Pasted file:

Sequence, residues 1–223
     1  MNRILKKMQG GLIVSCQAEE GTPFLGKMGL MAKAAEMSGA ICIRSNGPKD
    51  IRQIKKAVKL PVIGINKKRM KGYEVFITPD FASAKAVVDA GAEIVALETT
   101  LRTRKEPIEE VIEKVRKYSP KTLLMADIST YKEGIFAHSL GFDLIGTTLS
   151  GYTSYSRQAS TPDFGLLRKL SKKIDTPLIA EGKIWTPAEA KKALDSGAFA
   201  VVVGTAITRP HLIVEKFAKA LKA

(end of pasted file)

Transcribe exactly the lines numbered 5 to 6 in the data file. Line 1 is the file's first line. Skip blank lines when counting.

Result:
   151  GYTSYSRQAS TPDFGLLRKL SKKIDTPLIA EGKIWTPAEA KKALDSGAFA
   201  VVVGTAITRP HLIVEKFAKA LKA